One final point that Beauvoir makes regarding motherhood states, “psychoanalysts have tried to prove that the child provides the equivalent of the penis for her: but enviable as this attribute may be, no one believes that possessing one can justify an existence or that such possession can be a supreme end in itself” (Beauvoir, 646).  This point is important because psychoanalysts have tried to equate a child with a penis, which is a bizarre connection. A penis is a point of pleasure for a man, and saying that a vagina is not the point of pleasure for a woman, but rather earning the title of motherhood being her ‘point of pleasure’ is absolutely horrible. 

Adding the concept of class into the mixture, Trotsky explains reform in three levels, one of which directly pertains to the right to abortion. In his first level of reform, he discusses equality in politics, stating that “to institute the political equality of men and women in the soviet-state was one problem and the simplest” (Trotsky, 21). Political equality for women includes the right to abortion, and not with specific exceptions, and especially not under the decision of any man. If this level of reform was the simplest, why is this soviet idea still an issue in the U.S. today? This article was written in 1970, and now, over 50 years later, the abortion and women’s rights issues are still almost identical. Political equality of men and women is still an issue to this day, as the patriarchy still stands and a woman still has never been president. Even with advances in these laws, the basic principles behind gender equality remain. Connecting to class equality, the political system won’t do much about that because the bourgeois are the rich and powerful people, and if they were to give more money to the working class, they would be giving away some of their power; something they are just smart enough not to do.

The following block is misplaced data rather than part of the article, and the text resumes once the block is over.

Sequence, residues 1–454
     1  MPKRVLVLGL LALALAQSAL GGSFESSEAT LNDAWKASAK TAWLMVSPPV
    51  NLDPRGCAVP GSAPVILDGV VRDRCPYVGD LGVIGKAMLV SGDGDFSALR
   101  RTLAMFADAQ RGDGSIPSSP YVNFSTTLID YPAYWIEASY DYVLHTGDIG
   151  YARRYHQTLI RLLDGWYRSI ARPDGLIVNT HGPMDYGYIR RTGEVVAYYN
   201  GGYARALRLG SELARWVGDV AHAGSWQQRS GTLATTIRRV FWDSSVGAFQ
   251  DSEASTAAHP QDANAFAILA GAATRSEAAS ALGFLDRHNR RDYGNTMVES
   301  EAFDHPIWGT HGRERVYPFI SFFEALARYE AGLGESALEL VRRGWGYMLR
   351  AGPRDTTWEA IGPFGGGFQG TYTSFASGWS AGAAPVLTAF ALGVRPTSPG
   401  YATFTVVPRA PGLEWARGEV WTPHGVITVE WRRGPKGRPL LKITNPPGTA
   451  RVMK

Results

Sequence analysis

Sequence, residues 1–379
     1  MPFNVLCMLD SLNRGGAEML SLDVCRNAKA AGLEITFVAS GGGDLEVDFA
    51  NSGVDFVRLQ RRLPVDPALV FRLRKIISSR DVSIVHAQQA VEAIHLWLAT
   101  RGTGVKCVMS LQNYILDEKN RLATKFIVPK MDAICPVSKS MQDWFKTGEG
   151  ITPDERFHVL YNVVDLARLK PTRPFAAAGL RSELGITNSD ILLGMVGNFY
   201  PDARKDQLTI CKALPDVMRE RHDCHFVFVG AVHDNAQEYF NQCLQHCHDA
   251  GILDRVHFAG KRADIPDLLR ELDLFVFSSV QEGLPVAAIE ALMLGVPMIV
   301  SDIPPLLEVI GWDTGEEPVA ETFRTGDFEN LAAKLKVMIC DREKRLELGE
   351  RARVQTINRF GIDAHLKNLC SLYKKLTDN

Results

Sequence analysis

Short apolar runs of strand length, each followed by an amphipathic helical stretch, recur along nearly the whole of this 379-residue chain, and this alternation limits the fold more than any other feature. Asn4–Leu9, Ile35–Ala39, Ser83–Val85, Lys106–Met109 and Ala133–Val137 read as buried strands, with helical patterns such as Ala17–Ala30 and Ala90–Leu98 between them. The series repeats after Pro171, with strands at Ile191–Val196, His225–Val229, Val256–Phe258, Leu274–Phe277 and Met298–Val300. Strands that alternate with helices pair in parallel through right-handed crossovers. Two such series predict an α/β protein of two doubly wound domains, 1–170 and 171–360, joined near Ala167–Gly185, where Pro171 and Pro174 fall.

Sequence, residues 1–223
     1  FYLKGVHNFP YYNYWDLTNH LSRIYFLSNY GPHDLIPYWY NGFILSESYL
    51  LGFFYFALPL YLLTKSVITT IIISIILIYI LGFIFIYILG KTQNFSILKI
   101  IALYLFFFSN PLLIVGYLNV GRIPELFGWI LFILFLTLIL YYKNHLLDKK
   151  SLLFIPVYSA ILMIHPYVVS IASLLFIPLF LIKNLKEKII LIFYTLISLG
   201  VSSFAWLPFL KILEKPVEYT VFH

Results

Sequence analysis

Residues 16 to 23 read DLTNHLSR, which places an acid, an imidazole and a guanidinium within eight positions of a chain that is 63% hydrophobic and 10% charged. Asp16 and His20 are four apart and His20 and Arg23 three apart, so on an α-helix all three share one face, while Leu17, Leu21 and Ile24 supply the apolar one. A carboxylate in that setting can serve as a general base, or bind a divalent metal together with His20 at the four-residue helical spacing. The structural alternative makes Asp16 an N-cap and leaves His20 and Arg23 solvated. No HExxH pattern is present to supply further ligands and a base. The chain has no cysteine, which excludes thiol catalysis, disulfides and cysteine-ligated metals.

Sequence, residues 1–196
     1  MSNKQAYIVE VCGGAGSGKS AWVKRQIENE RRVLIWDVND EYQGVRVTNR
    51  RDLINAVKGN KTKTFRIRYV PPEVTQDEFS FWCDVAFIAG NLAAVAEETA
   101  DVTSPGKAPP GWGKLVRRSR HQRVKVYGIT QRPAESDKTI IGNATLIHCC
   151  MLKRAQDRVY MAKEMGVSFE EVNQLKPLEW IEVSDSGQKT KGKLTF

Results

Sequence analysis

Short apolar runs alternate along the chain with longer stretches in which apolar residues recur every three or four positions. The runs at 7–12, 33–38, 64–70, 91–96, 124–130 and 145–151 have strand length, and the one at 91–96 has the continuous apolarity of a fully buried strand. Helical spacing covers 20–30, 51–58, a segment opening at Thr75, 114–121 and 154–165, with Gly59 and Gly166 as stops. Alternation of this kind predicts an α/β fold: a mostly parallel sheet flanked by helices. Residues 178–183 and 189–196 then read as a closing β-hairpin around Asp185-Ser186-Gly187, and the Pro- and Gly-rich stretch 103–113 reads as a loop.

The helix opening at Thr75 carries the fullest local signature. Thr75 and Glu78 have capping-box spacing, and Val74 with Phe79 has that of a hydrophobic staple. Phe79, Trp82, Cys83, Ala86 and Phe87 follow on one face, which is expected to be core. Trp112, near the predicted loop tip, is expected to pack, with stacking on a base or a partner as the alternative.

Trotsky connects motherhood and housework to fighting for their basic human rights, stating that “as long as a woman is chained to her housework, the care of the family, the cooking and sewing, all her chances of participation in social and political life are cut down in the extreme” (Trotsky, 21). A woman’s housework becomes so much more than chores in this statement but rather demotes her to a slave class because she is stuck in this cycle, with no say in social and political life. Connecting this quote back to the example of abortion, women didn’t have the time to fight for their right to abortion with such strict house and wife duties.

With Beauvoir and Trotsky’s texts on gender and class, abortion is a great example of how injustices in gender and class affect working-class women. While these texts were written in 1949 (Beauvoir) and 1970 (Trotsky), the points made within them are still applicable today. Overall, the social stratification of power between women and men and between the bourgeois and proletariat classes has created gender and class injustices, especially in the case of abortion.